Take the 2-minute tour ×
Super User is a question and answer site for computer enthusiasts and power users. It's 100% free, no registration required.

for my new desktop computer i want to buy a (smaller) SSD drive and put Windows 7 64bit on the SSD and only the most used stuff. And a second (bigger) normal HDD on which everything else goes. What is a good strategy to do so?

Is it possible to:

  • move the program folder to the HDD (both x86 and 64bit one)? This should be possible with normal windows features.
  • move the users folder to the HDD - this should as well be possible directly with a windows setting
  • move some stuff from the windows folder itself there (i am thinking of the Installer directory - maybe more?). For this i hope that Symlink can be used. Will it work if files aer in use? Installer folder i would hope that i can move with no files in use? What about other files - possible to do from some command line or such?

And in case i use one program very often can i use symlink easyly and seamlessly to move that program or some data files onto the SSD and gain all the speed bonus?

Are there any known limitations of symlinks using Hardlinks or is it safe to use that?

Thanks in advance!

share|improve this question

migrated from serverfault.com Oct 7 '10 at 11:45

This question came from our site for system and network administrators.

    
Eleasar - can I please ask that you read our FAQ before submitting a question here again, this is very clearly one better suited to our sister site superuser.com as it's client/personal-computing related rather than professional/server oriented. I'll move it over to them now for you. –  Chopper3 Oct 7 '10 at 11:45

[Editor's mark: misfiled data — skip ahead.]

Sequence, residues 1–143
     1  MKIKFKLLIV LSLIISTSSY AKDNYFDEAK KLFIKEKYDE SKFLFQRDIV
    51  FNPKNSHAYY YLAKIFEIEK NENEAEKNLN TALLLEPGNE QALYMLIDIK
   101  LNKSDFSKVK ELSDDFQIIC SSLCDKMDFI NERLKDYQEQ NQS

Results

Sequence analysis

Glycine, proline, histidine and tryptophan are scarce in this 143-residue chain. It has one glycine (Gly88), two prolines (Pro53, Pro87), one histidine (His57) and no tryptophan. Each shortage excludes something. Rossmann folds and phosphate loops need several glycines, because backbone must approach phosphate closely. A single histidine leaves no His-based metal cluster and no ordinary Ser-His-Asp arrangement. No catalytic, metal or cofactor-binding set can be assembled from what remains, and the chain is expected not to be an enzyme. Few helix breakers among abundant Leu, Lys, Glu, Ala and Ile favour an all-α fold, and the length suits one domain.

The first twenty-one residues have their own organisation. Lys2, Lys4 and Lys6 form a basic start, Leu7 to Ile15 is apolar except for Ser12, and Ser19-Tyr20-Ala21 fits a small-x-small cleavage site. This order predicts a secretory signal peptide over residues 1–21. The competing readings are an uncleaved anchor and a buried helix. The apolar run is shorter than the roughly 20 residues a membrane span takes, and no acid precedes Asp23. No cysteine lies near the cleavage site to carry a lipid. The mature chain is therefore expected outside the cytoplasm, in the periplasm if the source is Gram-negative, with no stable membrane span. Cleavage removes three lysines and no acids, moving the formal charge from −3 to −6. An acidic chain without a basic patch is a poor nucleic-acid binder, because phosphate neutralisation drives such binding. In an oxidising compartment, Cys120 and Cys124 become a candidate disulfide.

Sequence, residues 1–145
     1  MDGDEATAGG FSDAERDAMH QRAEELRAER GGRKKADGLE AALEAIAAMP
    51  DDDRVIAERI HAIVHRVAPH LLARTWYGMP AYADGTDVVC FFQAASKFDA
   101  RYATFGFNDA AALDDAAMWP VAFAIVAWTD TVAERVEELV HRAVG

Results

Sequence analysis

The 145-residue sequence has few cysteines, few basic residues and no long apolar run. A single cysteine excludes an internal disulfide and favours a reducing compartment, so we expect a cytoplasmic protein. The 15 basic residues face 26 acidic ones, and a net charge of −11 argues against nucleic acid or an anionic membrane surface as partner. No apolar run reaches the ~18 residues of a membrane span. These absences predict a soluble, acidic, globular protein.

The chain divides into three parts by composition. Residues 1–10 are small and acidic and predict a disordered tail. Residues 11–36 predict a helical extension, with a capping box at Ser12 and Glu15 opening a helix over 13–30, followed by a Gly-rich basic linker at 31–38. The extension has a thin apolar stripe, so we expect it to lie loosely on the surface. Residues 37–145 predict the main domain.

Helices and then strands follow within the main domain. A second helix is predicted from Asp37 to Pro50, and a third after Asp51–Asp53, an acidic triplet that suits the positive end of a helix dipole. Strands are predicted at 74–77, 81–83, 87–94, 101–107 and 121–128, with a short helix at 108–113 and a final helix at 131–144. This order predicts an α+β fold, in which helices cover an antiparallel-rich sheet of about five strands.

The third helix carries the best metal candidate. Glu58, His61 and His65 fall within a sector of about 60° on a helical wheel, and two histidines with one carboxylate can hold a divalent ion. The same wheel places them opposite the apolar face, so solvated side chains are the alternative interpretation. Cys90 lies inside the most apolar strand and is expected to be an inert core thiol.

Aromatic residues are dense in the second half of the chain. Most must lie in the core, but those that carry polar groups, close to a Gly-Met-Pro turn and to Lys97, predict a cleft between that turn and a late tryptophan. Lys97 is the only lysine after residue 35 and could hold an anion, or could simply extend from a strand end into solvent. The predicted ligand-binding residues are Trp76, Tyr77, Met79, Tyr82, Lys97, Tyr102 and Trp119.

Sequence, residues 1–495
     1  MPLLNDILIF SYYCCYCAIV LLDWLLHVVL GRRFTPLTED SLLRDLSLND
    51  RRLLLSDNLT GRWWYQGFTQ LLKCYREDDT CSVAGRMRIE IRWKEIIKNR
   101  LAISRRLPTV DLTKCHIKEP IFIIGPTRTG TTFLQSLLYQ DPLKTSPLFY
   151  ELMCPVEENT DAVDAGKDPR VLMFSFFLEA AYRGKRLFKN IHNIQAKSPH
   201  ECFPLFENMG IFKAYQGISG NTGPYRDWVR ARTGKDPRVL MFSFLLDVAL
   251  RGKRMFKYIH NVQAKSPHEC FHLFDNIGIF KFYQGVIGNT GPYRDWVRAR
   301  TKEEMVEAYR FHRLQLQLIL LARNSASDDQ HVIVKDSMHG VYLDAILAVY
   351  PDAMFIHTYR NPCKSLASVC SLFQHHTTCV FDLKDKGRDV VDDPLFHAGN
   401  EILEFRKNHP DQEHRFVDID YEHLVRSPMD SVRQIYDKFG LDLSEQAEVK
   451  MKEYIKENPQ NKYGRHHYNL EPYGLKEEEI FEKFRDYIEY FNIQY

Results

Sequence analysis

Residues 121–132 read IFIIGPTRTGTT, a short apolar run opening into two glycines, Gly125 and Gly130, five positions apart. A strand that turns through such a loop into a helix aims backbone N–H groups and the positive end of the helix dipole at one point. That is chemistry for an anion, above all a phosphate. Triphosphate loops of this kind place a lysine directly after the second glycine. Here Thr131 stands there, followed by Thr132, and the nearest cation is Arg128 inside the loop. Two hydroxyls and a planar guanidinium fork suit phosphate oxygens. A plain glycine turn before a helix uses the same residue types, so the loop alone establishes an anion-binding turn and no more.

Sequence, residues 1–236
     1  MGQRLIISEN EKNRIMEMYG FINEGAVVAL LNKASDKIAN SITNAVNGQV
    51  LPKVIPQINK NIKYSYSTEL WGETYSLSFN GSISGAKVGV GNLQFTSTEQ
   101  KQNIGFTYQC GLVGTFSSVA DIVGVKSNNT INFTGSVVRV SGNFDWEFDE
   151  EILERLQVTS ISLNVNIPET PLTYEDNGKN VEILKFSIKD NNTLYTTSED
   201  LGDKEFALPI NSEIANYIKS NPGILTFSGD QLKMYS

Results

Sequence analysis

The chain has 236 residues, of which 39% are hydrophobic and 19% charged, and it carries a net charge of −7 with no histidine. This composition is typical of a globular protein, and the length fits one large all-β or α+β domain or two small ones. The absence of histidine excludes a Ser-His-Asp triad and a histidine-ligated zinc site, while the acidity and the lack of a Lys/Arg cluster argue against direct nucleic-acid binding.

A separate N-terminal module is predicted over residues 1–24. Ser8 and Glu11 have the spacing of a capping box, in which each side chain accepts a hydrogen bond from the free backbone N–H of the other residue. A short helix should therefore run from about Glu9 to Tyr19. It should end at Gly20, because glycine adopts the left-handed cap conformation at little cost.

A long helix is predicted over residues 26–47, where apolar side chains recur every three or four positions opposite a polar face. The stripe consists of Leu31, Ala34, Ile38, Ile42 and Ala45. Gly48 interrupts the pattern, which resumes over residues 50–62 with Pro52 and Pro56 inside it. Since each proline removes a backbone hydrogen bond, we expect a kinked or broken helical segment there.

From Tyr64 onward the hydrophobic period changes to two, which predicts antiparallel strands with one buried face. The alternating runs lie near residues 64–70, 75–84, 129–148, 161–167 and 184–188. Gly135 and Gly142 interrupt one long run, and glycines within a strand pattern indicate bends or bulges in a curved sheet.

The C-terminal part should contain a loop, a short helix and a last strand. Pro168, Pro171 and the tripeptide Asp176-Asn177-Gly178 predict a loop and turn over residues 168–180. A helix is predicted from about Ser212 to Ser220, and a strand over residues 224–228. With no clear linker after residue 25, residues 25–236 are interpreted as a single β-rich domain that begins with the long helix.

ok sure - i was quite certain that i was here on superuser confused Was registered on stackoverflow, wanted to post here and registered therefore - maybe after registration i misclicked or such.. thx for moving. –  Eleasar Oct 7 '10 at 12:46

1 Answer 1

up vote 1 down vote accepted

This application (SteamMover) was designed for the very purpose that you mention. It was written with Steam games in mind, but could be used for any application in theory. Some applications will not support this, but it is easily reversible should your move fail. You'll just have to test each application to see.

share|improve this answer
    
thank you! Will give it a try :) Are there any known compatibility issues when this is used directly with windows (be it with that tool or the mklink command)? Any recommendations? –  Eleasar Oct 7 '10 at 12:57
    
This answer to a similar question on serverfault details the best way to go about moving your Users folder - some of the comments have some warnings that you should read. There aren't compatibility problems with Windows itself, but some legacy applications may look in the wrong location for things. –  Will Oct 7 '10 at 14:01
    
ok once more - did test it, is a bit optimized for steam (obviously) but does the job well. The only problem is that file locks prohibit the usage. So is there any option to use it on locked files as well e.g. during startup or the like? –  Eleasar Oct 7 '10 at 14:01
    
You can use a windows disk to boot to a command prompt - at this point the files will not be locked. SteamMover won't be available there obviously, but you could use it to build the correct commands and save them before restarting. –  Will Oct 7 '10 at 14:09
    
ok thx - will give it a try when my computer arives if this works or has problems in some areas. Don't want to break my existing one ;-) –  Eleasar Oct 7 '10 at 15:20

Your Answer

 
discard

By posting your answer, you agree to the privacy policy and terms of service.

Not the answer you're looking for? Browse other questions tagged or ask your own question.